FOMO, Social Proof & Chocolate Bars in Hong Kong
My sister Camilla is 2 years younger than me and my best friend.
As kids, we lived in a small community on an Island 30 minutes away from Hong Kong,
While living in Hong Kong, every now and then we would go out for dinner as a family.
Normally to the local Thai restaurant in Discovery Bay. After dinner, my sister and I were allowed to choose a treat from 7-11.
And I distinctly remember, the same routine would happen each time.
We could have whatever we liked, but we could only have 1 each.
Those were the rules.
Me and my sister Camilla with Granny 🙂
Camilla always used to wait to find out which chocolate bar I’d pick.
If I picked a Twix, she would select a Twix.
If I chose a Kit Kat, she would choose a Kit Ka
Sometimes I would be a little sh%t and switch my Mars for a Snicker at the last minute, which used to upset her.
What was happening here is a pretty standard case of the grass is always greener on the other side.
It’s nothing new, fear of missing out is in our nature.
More recently this is referred to as FOMO.
It has been amplified since the introduction of social media to our ecosystem.
Have you ever had to que up to get into a nightclub or restaurant, only to find out that the venue is only half full once you finally get inside?
Or perhaps you’re a keen golfer and your country club kept you on a waiting list for 6 months before your membership was granted, was that necessary?
The fact is, when something appears popular, the perception of value goes mad.
It’s no different with say, your LinkedIn profile.
What’s your profile doing to demonstrate social proof, that you’re a connected individual.
This has a much larger impact than most people can imagine.
Whether you’re an entrepreneur, marketer, executive, blogger, football player, investor or run a multi-national corporation we all are in the branding business.
Making the time in your busy schedule to be a frequent and regular contributor on social media networks, blogs and professional online communities help to position yourself as an individual who is actively involved within your industry.
A survey from MyLife.com found that 56% of social media users “are afraid of missing out on events, news and important status updates if they are away from social networks.”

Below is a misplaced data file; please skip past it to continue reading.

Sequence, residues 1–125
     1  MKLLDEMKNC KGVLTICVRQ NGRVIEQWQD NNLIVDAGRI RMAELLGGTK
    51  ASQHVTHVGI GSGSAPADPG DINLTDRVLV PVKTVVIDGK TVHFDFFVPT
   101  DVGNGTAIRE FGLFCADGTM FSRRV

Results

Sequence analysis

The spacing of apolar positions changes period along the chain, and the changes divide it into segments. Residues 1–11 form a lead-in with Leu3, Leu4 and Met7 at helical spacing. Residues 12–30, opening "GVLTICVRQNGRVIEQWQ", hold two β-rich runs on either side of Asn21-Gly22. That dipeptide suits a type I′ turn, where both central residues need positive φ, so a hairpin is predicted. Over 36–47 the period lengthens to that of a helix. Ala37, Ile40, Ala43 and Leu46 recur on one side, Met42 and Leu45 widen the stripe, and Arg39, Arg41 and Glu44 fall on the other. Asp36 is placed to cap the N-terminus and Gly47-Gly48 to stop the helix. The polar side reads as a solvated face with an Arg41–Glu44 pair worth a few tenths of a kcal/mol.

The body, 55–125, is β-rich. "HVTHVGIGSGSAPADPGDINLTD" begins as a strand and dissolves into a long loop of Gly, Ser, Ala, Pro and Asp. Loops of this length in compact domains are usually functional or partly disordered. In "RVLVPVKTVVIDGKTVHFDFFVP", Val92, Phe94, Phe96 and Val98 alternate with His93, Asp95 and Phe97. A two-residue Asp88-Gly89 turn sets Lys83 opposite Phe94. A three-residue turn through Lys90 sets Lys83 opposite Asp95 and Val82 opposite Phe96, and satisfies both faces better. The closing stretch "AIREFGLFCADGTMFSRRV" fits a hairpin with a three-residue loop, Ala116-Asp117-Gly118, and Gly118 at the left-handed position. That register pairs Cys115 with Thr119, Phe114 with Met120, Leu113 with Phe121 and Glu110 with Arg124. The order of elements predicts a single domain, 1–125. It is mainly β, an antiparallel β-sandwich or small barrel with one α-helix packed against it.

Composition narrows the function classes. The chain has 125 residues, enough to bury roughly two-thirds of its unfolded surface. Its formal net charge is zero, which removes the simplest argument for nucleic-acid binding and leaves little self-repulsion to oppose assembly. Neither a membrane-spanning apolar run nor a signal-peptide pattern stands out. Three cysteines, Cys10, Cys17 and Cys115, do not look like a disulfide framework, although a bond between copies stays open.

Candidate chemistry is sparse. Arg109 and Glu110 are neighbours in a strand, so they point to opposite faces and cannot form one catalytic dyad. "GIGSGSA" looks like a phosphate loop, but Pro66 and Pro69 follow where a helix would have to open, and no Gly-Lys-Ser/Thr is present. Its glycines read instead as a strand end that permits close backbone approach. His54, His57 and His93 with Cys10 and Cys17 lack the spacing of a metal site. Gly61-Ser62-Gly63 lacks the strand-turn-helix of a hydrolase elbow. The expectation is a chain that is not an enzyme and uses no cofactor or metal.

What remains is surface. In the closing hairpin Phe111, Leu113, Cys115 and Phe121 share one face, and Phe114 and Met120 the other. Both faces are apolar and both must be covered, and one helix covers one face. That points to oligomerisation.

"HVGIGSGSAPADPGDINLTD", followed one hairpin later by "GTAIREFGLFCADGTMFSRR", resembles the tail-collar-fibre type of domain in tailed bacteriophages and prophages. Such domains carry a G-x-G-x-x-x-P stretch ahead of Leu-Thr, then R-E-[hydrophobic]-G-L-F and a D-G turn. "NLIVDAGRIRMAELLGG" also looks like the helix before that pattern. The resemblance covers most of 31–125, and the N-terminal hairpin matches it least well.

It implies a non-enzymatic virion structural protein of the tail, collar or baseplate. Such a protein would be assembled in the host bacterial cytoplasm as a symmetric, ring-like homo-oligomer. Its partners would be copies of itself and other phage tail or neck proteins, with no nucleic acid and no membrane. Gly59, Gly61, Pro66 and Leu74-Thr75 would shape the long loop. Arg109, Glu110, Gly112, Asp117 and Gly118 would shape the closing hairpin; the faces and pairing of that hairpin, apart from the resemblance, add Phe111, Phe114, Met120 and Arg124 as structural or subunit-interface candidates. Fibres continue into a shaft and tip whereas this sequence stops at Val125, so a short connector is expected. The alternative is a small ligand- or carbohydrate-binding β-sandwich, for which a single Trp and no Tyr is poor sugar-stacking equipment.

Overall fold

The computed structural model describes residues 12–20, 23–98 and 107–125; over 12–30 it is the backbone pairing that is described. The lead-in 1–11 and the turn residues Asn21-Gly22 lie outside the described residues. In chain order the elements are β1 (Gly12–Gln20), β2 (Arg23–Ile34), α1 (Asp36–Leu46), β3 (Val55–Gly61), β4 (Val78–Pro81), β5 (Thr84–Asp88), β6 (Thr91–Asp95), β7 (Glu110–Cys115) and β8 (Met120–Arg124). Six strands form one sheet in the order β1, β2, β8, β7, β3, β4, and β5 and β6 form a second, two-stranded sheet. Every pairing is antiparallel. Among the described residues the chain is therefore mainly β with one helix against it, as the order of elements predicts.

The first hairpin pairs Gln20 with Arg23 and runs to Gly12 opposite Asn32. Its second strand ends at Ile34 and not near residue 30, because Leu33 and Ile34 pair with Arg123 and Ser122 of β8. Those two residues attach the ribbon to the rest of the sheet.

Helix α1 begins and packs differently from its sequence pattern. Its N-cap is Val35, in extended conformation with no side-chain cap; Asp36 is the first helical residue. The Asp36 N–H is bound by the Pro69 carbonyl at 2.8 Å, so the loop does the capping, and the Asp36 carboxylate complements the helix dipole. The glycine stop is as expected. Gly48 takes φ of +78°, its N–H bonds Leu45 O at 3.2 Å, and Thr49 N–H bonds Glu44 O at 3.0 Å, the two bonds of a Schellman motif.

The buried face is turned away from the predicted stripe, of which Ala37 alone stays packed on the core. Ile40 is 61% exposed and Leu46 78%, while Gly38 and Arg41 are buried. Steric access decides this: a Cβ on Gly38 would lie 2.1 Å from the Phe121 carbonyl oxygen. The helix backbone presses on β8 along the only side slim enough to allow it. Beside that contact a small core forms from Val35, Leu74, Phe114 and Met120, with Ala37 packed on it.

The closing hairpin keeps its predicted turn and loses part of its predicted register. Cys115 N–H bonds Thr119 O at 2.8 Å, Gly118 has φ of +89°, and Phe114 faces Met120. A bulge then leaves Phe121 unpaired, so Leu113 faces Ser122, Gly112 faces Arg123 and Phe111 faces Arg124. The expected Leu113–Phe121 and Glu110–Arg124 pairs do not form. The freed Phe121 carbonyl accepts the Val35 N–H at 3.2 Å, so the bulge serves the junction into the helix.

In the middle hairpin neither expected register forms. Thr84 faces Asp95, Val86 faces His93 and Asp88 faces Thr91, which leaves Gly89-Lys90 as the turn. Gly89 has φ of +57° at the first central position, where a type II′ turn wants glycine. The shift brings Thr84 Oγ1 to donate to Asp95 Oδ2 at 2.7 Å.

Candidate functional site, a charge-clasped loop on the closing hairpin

Why are we even on social media?
I’d argue that it’s because we saw a couple of friends start using it, at first many of us would say, “I don’t do Facebook” …. Until eventually there was enough social poof and FOMO that we caved it and signed up.
Heck, even my Grandmother now has a Facebook account! She always knows what the family is up to and updates my Grandad so he isn’t left out…
We see ads like the image below all the time, we’re conditioned for FOMO.
An example of FOMO utilised in an ad 1
Apple is another excellent example of a brand that smashes the ball out of the park with FOMO.
The Apple watch became available for pre-order and took six hours for waiting lists to get backordered by 3 months.
A notice on their website read “new orders of many models wouldn’t ship until the summer.”
Apple customers wait for doors to open
Studies show that 70% of consumers say they look at product reviews before making a purchase, and product reviews are 12x more trusted than product descriptions from manufacturers.
It blows my mind how even today, 90%+ of the LinkedIn profiles that I see don’t even have a single recommendation.
I’m talking about successful business people who have been in business 20+ years, know half the people at the local country club, have a ton of clients and success stories….
But not 1 recommendations on their LinkedIn profile.
As is always the case, the problem presents an opportunity. How easy is it to stand out from the crowd?
Get 2-3 recommendations and you’ve just shot your profile to the top 5% in your industry!
Crowds follow crowds.
The marketing game has changed, these crowds are visible for everyone to see online.
Brands that outperform the herd know how to utilise social proof and FOMO in their social media communications.
Are you leveraging this fundamental law of human psychology?